UPDATE | Prepare To Provide Paid Sick Leave and FMLA

UPDATE | Prepare To Provide Paid Sick Leave and FMLA

UPDATE | Prepare To Provide Paid Sick Leave and FMLA

Houston — March 27, 2020 On March 18, 2020, President Trump signed the Families First Coronavirus Response Act (FFCRA), which requires businesses with under 500 employees to provide leave to employees missing work because of certain COVID-19 related reasons. You can find our previous article regarding employer’s FFCRA obligations here, as well as a chart briefly summarizing these obligations here.

This week, the Department of Labor issued new guidance regarding these obligations, as well as guidance on related tax credits for employers who pay employees in accordance with the FFCRA.

Here are the updates employers need to know regarding their paid leave obligations:

  • The FFCRA takes effect April 1, 2020—not April 2, 2020, the date most commentators believed would be the effective date. The FFCRA’s requirements are not retroactive. The FFCRA will still sunset on December 31, 2020.
  • The DOL clarified that paid leave will be available employees who cannot work or telework and have a “bona fide need” for leave to care for an individual subject to quarantine or a child whose school or child care provider is closed or unavailable.
  • There will be a small business exemption for employers will less than 50 employees for child care-related leave where the requirements would jeopardize the ability of the business to continue. Businesses claiming the exemption should document why they meet it, though they will not need to send materials to the DOL claiming the exemption. The DOL will release further guidance to more clearly articulate the exemption standard.
  • The DOL confirmed that its joint employer and integrated employer tests will be utilized in determining whether the 500-employee threshold is met under the FFCRA.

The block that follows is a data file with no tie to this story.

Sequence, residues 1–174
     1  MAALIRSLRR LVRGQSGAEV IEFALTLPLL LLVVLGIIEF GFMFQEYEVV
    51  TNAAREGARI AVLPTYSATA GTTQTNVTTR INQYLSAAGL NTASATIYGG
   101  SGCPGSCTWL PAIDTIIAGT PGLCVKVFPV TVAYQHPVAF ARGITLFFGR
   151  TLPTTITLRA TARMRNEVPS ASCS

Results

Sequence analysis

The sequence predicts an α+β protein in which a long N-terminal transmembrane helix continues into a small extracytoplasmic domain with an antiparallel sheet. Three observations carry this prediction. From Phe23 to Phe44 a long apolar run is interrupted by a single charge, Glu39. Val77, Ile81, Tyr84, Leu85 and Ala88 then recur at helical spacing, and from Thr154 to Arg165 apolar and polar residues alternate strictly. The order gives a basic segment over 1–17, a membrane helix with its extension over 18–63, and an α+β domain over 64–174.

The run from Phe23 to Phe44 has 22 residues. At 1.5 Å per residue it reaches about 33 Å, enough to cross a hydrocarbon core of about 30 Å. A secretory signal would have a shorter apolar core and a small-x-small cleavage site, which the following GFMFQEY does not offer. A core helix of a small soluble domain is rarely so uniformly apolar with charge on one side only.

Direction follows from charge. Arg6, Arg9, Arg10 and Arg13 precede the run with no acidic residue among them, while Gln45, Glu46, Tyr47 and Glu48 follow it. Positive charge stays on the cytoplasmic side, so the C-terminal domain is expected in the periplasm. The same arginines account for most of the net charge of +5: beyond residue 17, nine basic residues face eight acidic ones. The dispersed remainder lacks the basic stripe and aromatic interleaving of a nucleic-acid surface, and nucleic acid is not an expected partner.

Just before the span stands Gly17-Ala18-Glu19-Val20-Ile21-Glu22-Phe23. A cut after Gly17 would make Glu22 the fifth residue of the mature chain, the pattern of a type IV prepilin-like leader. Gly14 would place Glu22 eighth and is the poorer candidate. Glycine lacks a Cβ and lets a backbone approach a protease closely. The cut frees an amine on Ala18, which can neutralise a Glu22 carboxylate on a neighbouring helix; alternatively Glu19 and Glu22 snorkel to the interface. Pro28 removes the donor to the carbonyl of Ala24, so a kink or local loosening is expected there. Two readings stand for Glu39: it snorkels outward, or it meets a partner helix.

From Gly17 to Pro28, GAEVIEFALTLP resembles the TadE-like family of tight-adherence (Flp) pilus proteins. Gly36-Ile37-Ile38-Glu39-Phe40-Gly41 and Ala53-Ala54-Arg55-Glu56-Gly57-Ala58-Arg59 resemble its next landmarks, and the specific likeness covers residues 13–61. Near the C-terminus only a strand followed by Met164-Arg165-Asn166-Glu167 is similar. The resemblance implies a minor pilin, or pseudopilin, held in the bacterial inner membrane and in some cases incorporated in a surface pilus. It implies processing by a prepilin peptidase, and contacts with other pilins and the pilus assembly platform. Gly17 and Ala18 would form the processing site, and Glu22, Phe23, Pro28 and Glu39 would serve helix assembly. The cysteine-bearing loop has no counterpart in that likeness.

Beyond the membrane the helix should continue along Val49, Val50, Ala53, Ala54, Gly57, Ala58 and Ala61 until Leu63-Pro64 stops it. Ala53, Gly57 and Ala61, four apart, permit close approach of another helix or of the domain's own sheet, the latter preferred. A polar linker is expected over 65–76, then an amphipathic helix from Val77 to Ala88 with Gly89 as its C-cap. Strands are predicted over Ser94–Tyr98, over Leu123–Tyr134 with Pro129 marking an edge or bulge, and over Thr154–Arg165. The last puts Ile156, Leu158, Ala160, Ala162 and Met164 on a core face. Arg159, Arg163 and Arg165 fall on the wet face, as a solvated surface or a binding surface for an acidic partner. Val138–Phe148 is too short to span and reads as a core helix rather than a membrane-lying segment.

• The model notice that has to be issued is available here and must be posted in a conspicuous location on employers’ premises. An employer may satisfy this requirement by emailing or direct mailing this notice to current employees, or posting this notice on an employee information internal or external website.
  • For 30 days, the Department of Labor will not bring an enforcement action against any employer for violations of the FFCRA so long as the employer has acted reasonably and in good faith to comply with it. “Good faith” would exist if violations were not willful and are remedied.

The DOL, IRS, and the Department of Treasury announced a plan for how the FFCRA tax credit will work. This new release can be found here.

  • Every dollar of required paid leave (plus the cost of a employer’s health insurance premiums during leave) will be 100%covered by a dollar-for-dollar refundable tax credit available to employers covered by the FFCRA.
  • Qualifying wages are those paid to an employee who takes leave under the Act for a qualifying reason, up to the appropriate per diem and aggregate payment caps described in the chart provided above. Amounts paid over and above the FFCRA’s requirements will not be eligible for tax credits.
  • In order to take immediate advantage of these credits, businesses can retain and access funds that they would otherwise pay to the IRS in payroll taxes. The payroll taxes that are available for retention include (1) withheld federal income taxes; (2) the employee share of Social Security and Medicare taxes; and (3) the employer share of Social Security and Medicare taxes with respect to all employees. Further guidance regarding this retention will be released next week.
  • If an eligible employer does not have sufficient payroll taxes to cover the costs of qualified sick and child care paid leave, the employer can file a request for accelerated payment from the IRS. The IRS expects to process these requests in two weeks or less.

For more information please contact Tony Stergio or contributors Andy Clark and Elaine Howard


Celebrating 30 Years in 2020

Founded in 1990, with offices in Houston and Austin, Andrews Myers, Attorneys at Law, is a corporate law firm and recognized market leader in Texas construction law.  The firm focuses on the concentrated disciplines of commercial litigation, construction, commercial real estate, corporate and business transactions, with additional emphasis on related issues including bankruptcy and insolvency, energy, employment and capital formation. A seasoned team of attorneys provides timely and cost-effective solutions to the most complex problems facing entrepreneurs and middle-market industry leaders throughout the state and the nation. For more information please visit www.andrewsmyers.com.

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